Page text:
The creator of the monster, Victor Frankenstein is a man full of knowledge and has a strong passion for science. He pushes the boundary of science and creates a monster. Knowledge can be a threat when used for evil purposes. Though Victor did not intend for the being to be evil, society’s judgement on the monster greatly affects him. As a result he develops hatred for his creator as well as all man-kind. Victor’s anguish for the loss of his family facilitates his plan for revenge to the monster whom is the murderer. While traveling on Robert Walton’s ship he and Victor continue their pursuit of the monster. As Victor’s death nears he says, “…or must I die, and he yet live? If I do, swear to me Walton, that he shall not escape, that you will seek him and satisfy my vengeance in his death…Yet, when I am dead if he should appear, if the ministers of vengeance should conduct him to you, swear that he shall not live-swear that he shall not triumph over my accumulated woes and survive to add to the list of his dark crimes” (pg.199). Victor grieves the death of William, Justine, Clerval, Elizabeth and his father. Throughout the novel he experiences the five stages of grief, denial/ isolation, anger, bargaining, depression and finally acceptance. Victor denies ...
Few human experiences are as wretched as facing the fact that one is alone; perhaps because isolation is so easily recognized and dwelled upon when one is without friends to distract from life’s woes. Now consider isolation at its most extreme and ponder what such abject loneliness would work upon man. This is the fate of Dr. Frankenstein and the Monster in Mary Shelly’s Frankenstein. Frankenstein is the story of how one man’s experiment has the unintended consequence of making Frankenstein and his creation, the Monster, completely isolated from the rest of humanity: the creator of the unnatural monster dares not relate his tale lest due to his punishing guilt, and the hideous being himself shares neither kinship nor experience with anyone.
Human behaviors can be hard to understand, thankfully there are many ideas that contribute to the study of what controls them. Sigmund Freud, a psychologist, is widely known for his many contributions and theories to the understanding of human behaviors. One of his most accepted theories is the idea that humans have three psychic zones which are in charge of fulfilling desires, considering morals, taking in emotions, and making a decision. The three zones consist of the id, ego, and superego. This Freudian theory can be seen woven throughout Mary Shelley's book, Frankenstein. Shelley creates her main characters with strong psychic zones, but many of them contain unbalanced and unhealthy zones. Victor Frankenstein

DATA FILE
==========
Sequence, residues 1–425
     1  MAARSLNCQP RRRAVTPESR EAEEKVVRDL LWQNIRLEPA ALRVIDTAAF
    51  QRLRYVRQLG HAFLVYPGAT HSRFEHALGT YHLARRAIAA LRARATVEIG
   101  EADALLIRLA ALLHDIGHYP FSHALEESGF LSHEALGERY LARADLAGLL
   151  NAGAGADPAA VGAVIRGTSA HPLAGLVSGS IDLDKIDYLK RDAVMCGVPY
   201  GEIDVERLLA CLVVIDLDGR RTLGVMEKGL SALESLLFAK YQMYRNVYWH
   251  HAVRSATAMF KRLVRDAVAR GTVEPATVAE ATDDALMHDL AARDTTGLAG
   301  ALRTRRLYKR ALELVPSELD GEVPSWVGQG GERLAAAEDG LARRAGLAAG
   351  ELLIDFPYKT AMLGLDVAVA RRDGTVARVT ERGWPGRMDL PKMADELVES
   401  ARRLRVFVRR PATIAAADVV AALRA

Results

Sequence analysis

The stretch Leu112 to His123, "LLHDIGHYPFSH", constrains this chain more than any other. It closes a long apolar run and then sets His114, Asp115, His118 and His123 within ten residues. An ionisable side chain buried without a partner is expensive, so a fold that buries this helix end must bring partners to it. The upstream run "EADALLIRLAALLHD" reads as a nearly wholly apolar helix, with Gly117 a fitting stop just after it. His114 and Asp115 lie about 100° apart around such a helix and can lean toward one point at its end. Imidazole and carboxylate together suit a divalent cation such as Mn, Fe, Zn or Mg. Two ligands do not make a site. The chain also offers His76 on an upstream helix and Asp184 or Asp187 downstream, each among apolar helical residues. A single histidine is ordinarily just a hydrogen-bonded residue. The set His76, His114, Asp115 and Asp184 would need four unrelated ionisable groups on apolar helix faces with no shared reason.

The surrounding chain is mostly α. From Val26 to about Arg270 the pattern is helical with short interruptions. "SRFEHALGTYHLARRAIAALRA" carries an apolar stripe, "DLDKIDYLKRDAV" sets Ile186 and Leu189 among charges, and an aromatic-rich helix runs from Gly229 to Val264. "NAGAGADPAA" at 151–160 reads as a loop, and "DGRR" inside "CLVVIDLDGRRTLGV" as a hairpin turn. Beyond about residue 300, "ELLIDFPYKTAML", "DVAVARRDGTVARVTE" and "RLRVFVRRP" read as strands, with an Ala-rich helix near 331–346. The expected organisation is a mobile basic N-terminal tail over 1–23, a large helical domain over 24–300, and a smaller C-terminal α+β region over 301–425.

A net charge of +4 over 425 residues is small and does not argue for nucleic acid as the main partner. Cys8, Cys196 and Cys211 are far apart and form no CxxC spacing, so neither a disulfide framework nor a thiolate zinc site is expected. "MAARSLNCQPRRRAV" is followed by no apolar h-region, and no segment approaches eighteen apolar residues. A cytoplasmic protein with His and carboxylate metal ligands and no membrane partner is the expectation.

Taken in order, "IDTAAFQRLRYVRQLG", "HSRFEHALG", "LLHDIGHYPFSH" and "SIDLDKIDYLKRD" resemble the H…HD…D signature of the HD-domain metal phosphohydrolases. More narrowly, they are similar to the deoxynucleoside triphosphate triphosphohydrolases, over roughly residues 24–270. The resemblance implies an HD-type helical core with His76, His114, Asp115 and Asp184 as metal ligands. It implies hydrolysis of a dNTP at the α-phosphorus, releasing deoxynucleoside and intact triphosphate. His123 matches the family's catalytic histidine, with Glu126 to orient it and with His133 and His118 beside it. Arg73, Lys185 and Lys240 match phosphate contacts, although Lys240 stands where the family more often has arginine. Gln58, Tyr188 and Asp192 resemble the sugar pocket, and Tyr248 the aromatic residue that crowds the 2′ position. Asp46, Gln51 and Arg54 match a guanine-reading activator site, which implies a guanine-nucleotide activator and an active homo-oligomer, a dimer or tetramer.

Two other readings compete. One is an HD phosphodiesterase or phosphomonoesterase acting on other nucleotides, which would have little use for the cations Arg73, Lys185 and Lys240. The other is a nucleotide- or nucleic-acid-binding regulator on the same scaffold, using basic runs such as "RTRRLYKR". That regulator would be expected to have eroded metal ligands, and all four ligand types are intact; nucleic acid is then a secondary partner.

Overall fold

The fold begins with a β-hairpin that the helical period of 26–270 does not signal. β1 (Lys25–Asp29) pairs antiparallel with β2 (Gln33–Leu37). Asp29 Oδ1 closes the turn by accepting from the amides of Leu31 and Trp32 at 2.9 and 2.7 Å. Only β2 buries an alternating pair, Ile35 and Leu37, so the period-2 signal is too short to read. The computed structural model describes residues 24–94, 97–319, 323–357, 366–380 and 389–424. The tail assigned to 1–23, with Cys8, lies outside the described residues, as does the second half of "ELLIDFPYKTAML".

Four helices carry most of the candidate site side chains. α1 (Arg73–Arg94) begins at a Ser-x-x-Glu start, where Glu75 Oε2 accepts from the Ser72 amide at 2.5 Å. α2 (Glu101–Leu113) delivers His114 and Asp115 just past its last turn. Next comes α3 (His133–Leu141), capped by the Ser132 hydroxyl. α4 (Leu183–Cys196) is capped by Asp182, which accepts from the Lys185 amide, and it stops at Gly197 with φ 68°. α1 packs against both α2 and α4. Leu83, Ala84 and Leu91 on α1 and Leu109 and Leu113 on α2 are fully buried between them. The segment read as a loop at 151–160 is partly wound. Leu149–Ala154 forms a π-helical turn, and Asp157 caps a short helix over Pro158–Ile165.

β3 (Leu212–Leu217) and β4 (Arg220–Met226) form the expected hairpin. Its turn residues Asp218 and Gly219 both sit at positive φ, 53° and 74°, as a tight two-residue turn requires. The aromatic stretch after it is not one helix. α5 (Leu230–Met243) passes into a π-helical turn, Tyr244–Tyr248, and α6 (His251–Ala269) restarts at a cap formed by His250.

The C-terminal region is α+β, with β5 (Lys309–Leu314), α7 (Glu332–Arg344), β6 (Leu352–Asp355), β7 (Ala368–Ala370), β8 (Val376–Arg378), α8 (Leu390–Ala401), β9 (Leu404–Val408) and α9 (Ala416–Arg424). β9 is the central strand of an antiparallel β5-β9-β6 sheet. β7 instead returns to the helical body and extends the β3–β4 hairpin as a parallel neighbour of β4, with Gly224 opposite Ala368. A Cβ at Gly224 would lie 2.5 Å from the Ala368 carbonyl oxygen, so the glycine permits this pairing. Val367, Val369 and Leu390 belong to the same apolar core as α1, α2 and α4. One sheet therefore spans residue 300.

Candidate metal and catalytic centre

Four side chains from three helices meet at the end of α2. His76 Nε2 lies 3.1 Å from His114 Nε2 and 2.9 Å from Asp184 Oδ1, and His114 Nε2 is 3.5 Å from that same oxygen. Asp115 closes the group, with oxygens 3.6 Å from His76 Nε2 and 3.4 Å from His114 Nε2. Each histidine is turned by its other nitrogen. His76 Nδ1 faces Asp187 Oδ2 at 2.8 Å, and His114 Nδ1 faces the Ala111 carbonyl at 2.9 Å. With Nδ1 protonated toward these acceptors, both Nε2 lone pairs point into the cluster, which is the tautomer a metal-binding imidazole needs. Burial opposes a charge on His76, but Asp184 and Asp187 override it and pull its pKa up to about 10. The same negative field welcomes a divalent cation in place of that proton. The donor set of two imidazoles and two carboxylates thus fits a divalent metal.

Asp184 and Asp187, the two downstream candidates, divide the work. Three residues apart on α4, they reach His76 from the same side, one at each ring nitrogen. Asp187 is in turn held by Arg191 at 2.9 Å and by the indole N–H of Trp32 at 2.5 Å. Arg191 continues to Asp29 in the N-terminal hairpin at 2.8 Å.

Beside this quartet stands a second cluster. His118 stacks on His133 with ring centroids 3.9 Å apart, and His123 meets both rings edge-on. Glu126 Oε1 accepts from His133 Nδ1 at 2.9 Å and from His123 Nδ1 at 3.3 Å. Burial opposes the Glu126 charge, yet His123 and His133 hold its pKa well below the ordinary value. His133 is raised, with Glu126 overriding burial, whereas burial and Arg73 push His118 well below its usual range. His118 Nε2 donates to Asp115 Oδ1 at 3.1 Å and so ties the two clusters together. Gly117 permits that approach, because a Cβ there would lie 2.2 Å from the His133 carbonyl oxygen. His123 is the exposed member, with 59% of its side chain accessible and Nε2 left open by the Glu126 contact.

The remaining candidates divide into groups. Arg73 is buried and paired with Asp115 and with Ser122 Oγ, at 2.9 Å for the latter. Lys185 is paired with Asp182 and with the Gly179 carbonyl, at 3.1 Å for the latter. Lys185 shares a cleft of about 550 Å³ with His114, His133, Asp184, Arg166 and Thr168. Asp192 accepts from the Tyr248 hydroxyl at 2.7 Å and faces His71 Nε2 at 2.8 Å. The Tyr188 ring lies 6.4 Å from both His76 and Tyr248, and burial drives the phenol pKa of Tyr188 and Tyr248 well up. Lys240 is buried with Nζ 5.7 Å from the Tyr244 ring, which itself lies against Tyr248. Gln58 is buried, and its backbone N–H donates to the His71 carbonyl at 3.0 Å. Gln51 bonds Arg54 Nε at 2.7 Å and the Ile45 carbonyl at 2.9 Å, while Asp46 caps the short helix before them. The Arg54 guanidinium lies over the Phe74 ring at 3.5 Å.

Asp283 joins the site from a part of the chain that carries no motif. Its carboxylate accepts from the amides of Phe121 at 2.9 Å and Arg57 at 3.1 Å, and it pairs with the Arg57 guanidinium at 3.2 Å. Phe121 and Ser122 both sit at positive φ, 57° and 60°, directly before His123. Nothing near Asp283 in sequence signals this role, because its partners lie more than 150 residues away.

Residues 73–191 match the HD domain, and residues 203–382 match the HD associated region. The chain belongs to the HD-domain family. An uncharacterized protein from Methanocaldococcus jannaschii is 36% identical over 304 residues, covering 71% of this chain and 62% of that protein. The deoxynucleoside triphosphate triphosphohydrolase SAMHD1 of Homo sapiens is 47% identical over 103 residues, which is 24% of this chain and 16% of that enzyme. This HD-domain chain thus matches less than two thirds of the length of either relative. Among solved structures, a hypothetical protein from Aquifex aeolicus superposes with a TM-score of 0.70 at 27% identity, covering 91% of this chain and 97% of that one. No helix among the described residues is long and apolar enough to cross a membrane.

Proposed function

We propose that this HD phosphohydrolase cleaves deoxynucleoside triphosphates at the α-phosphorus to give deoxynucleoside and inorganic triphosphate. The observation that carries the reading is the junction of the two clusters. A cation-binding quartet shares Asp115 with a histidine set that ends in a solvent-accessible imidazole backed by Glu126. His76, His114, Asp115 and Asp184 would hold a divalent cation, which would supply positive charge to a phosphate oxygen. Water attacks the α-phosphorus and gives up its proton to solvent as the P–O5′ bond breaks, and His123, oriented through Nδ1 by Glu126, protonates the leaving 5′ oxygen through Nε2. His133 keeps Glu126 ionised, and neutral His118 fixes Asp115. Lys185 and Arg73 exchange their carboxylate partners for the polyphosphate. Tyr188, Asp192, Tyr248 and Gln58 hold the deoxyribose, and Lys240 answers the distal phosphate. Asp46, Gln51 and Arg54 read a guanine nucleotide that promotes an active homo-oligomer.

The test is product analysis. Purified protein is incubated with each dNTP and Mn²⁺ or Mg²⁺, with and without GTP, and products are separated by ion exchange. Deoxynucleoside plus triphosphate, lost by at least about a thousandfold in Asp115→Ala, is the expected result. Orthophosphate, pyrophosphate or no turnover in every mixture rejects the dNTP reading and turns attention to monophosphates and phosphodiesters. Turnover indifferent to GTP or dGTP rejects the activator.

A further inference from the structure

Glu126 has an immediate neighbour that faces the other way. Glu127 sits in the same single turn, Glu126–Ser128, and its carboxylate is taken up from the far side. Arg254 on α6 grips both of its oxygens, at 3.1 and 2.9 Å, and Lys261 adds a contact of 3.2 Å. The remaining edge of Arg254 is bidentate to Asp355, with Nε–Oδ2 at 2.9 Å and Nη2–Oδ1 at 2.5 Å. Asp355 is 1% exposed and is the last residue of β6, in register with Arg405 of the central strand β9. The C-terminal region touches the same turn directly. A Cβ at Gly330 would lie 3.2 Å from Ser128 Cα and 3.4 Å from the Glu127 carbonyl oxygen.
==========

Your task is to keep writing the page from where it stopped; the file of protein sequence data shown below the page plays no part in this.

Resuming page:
When a crime is committed, the blame is usually placed on the criminal. This is because a crime cannot take place without a criminal. However, a lawbreaker generally has reasons for his misdeed. For a crime to occur, a criminal must have incentive. Consequently, the causes of a wrongdoer’s motivation are also responsible for the offence. In addition, crimes can be avoided if the proper precautionary measures are taken. Therefore, anyone who could have stopped a crime from happening is partially accountable for it. In Mary Shelley’s Frankenstein, a creature created by Victor Frankenstein kills several of Victor’s loved ones. These murders could be blamed on the creature, but he is not solely responsible for them. The root cause of the murders is Victor’s secrecy. His concealment causes his obsession, a lack of preventative measures against the creature, and his fear of appearing to be mad.
Mary Shelly speaks much about life, existence, and creation in Frankenstein. A mad scientist named Victor has a different goal in life apart from the rest. Victor’s goal is to create something similar to the human race. Much like God, Victor has created a human; only this human is more of a monster, also known as Frankenstein. Stitched together from deceased body parts, Frankenstein was far from beautiful, or even normal for that matter. His lack of good looks left him alone and cut off from the rest of society. Always pondering existence, the monster is confused why Victor created him.
...s creation as a way of revenge and payback for all the distress he brought to the creature. The creature, beginning as the most innocent, is alienated by his creator and every individual who witnesses his presence. Finally, Victor isolates himself from his beloved ones in order to fulfill his ambitions. All these misfortunes are caused by the lack of moral decision making. Unfortunately, these decisions ruined the life of many people involved in Victor’s life. All these events are the proof of what people’s actions can result into when isolation is a major theme in one’s life.
In Mary Shelley’s Frankenstein there are many examples of how Victor gets ill throughout the book. Victor gets ill multiple times and illustrates that something tragic happens as a result of this. The main reason Victor gets sick in the book is that it is a cause of him creating the monster. There are multiple ways Victor is ill throughout the book but the main reasons are the way he views the monster, it symbolizes death in the story, and it is a symbol of escape.
Victor Frankenstein is the oldest son of Alphonse and Caroline Beaufort Frankenstein of Geneva, Switzerland. After having a good childhood, he leaves Switzerland to attend the University of Ingolstadt. Victor always had a desire to continue his education. Dussinger argues that Victor’s curiosity, his lust for forbidden knowledge, creates a God-complex (40). Victor desires to play God by having the knowledge to be able to create and control life. Victor Frankenstein is the true monster because of his monstrous mind. First, he states: